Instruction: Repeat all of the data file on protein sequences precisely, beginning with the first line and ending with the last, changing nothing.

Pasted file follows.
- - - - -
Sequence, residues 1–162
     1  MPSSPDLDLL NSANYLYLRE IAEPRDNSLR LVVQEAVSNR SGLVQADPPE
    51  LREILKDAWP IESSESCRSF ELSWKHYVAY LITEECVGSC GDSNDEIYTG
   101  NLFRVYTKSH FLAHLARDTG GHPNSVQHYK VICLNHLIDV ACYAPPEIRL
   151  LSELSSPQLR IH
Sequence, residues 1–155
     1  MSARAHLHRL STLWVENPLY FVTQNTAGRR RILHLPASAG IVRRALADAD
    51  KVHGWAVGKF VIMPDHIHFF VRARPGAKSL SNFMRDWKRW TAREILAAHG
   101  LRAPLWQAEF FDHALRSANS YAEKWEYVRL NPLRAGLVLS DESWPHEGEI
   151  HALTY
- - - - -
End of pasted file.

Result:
Sequence, residues 1–162
     1  MPSSPDLDLL NSANYLYLRE IAEPRDNSLR LVVQEAVSNR SGLVQADPPE
    51  LREILKDAWP IESSESCRSF ELSWKHYVAY LITEECVGSC GDSNDEIYTG
   101  NLFRVYTKSH FLAHLARDTG GHPNSVQHYK VICLNHLIDV ACYAPPEIRL
   151  LSELSSPQLR IH
Sequence, residues 1–155
     1  MSARAHLHRL STLWVENPLY FVTQNTAGRR RILHLPASAG IVRRALADAD
    51  KVHGWAVGKF VIMPDHIHFF VRARPGAKSL SNFMRDWKRW TAREILAAHG
   101  LRAPLWQAEF FDHALRSANS YAEKWEYVRL NPLRAGLVLS DESWPHEGEI
   151  HALTY